Disability discrimination in the workplace is defined as treating individuals differently because of their physical, mental, or perceived disabilities. Discrimination can take the form of direct harassment, as well as indirect but unjust treatment during hiring and firing, promotions, or any other employment-related activity.
If you or a loved one have been treated unfairly in the workplace, the disability discrimination attorneys at Chanfrau & Chanfrau can help you receive the compensation you are rightfully due. Contact our Daytona, FL, office online or call us at (386) 258-7313 or (386) 439-7760 to schedule a free case evaluation today.
Understand Your Rights
There are two federal laws that protect the rights of individuals with disabilities in the workplace. The most recent, ;the Americans with Disabilities Amendments Act, was passed in 2008 and makes it illegal for certain employers to discriminate against individuals with disabilities. This act covers private employers, state and local governments, employment agencies, and labor unions. Disability discrimination is prohibited in:
- Job training
- Other terms, conditions, and privileges of employment
The Rehabilitation Act of 1973 provides the same protections for individuals with disabilities employed by or applying for positions in federal agencies and programs receiving federal money. It also regulates employment practices of federal contractors.
How Does the Law Define Disability?
According to the ADA Amendments Act, an individual with a disability meets at least one of three characteristics:
- Has a physical or mental condition that substantially limits one or more major life activities, such as hearing, seeing, walking, talking, or learning
- Has a history of a disability, such as cancer in remission
- Has a perceived disability that is not temporary or minor, even if they do not have an impairment
Not every medical condition is protected by law. However, the ADA Amendments Act emphasizes a broad interpretation of the definition of disability. Some conditions often involved in disability discrimination claims include mental illness, fibromyalgia, diabetes, and cancer, along with many others.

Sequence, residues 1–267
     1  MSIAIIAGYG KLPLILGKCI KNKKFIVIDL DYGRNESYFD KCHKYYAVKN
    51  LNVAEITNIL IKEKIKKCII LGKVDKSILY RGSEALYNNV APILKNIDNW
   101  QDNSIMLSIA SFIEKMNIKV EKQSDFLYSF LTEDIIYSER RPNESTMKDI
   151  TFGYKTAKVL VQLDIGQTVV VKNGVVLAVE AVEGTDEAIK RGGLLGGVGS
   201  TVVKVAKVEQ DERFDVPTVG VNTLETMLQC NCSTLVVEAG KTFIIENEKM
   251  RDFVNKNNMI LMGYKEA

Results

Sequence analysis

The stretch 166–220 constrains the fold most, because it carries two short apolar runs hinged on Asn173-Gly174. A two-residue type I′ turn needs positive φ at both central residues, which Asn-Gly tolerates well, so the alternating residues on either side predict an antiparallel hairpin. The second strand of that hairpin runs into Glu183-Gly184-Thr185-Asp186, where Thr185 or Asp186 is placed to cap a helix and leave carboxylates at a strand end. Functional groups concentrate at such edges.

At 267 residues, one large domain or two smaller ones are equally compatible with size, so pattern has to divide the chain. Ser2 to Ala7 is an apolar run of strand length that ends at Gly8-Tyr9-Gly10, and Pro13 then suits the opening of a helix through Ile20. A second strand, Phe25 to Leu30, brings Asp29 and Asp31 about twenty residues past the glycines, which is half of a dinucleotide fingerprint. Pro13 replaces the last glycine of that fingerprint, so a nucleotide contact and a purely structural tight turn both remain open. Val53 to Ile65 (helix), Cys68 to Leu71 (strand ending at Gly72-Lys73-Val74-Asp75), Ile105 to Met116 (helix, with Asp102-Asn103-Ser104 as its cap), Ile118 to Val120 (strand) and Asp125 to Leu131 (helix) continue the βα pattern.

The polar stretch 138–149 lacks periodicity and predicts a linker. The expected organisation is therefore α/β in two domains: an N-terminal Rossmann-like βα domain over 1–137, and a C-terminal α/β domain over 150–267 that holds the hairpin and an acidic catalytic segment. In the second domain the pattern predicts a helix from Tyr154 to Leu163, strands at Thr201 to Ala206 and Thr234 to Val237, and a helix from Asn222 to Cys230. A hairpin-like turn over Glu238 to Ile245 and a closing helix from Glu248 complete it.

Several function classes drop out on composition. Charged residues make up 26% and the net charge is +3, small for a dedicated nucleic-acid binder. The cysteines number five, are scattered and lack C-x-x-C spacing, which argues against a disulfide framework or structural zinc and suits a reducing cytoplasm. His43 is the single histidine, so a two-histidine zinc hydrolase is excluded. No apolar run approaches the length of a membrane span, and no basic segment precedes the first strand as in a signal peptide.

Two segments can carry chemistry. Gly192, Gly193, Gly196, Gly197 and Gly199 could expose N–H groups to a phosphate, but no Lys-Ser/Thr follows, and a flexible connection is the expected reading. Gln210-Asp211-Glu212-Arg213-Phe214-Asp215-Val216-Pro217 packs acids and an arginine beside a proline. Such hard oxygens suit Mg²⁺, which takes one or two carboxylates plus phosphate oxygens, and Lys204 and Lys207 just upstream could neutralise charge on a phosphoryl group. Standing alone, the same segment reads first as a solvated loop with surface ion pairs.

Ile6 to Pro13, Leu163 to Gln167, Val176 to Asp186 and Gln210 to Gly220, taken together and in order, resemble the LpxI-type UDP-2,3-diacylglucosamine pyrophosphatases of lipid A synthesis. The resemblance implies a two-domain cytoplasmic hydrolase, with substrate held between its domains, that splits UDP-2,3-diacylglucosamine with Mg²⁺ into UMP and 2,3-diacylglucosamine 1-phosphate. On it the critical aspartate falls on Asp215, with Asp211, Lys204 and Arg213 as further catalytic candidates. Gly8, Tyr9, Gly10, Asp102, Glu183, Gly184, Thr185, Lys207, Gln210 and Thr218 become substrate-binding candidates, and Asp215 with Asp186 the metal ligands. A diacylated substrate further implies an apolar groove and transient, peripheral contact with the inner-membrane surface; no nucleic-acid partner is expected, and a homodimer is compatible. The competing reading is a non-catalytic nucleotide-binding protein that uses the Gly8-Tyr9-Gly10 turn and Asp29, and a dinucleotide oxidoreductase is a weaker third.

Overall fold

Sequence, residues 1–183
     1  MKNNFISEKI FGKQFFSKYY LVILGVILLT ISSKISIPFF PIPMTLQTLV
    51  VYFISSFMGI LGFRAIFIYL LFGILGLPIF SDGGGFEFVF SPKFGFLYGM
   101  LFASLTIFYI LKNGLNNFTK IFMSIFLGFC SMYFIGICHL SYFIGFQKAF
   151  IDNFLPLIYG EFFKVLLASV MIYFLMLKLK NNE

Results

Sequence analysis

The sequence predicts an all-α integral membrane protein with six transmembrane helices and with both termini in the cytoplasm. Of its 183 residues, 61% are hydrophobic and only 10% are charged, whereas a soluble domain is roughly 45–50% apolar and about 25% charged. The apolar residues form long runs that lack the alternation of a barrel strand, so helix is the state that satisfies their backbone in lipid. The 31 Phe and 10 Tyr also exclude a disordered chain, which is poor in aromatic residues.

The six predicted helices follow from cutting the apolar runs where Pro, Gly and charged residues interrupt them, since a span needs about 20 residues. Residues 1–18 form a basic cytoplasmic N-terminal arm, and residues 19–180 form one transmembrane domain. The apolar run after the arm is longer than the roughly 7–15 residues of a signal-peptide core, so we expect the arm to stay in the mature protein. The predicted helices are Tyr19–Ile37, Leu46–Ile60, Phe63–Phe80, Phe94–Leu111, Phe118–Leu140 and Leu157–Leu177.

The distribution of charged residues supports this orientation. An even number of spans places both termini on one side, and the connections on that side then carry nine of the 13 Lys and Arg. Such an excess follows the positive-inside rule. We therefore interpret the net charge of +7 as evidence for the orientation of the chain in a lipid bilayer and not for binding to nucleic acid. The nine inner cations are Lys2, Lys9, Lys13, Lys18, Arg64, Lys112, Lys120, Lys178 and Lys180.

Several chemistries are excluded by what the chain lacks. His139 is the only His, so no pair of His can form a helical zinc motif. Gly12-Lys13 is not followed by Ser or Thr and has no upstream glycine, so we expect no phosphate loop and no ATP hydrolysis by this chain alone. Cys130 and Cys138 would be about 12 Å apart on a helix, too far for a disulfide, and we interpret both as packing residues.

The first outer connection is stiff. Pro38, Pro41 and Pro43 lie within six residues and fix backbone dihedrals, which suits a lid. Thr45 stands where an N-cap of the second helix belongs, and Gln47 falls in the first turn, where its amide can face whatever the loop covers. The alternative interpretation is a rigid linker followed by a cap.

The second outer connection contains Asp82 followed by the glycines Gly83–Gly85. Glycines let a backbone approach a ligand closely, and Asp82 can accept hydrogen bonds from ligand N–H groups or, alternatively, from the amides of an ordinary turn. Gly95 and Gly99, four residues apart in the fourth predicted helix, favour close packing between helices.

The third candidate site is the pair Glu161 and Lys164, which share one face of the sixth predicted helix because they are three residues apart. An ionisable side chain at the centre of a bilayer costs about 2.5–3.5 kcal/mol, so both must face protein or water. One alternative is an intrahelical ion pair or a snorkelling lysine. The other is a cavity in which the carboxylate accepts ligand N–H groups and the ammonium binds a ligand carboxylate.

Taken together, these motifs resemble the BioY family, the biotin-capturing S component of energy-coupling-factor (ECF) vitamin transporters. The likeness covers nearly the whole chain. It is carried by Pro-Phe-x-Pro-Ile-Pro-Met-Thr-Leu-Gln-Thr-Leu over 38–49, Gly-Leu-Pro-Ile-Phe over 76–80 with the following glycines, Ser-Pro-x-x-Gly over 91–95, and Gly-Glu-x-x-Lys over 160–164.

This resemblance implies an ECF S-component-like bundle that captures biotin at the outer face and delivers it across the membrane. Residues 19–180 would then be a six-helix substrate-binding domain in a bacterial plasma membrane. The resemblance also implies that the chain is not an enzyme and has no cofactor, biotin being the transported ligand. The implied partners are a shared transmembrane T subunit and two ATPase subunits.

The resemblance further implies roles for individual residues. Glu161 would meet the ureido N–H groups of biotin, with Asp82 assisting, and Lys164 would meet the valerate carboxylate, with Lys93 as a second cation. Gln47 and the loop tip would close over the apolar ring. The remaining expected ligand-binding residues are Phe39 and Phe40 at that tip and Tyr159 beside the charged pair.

Federal law requires that employers provide reasonable accommodation for applicants and employees with disabilities unless these actions would cause undue hardship for the employer. Accommodations may include changes in the work environment, such as adding a ramp or providing an interpreter, that help an individual with a disability:
- Apply for a position
- Perform their duties
- Enjoy the privileges and benefits of employment
If you have a disability and believe you were not provided with reasonable accommodation, you may have cause to file a workplace discrimination lawsuit.
Why Choose Us?
Workplace discrimination cases can be extremely difficult to win without the help of a qualified legal professional. Most employers have experience with discrimination claims and the resources to dispute them. Many larger companies have teams of attorneys on retainer to protect them against lawsuits.
The team at Chanfrau & Chanfrau is dedicated to helping clients protect their civil liberties against unfair and illegal business practices.
However, this does not mean you have no chance of winning a lawsuit. At Chanfrau & Chanfrau, we can work to protect your rights and help you collect the compensation you deserve. Our attorneys have an extensive understanding of discrimination law and will work tirelessly to build a strong case.
Schedule a Case Evaluation
If you have been treated unfairly or harassed in the workplace due to a disability, you are not alone. The team at Chanfrau & Chanfrau is dedicated to helping clients protect their civil liberties against unfair and illegal business practices. Call our office at (386) 258-7313 or (386) 439-7760 or contact us online to schedule your free case consultation today and take back your rights.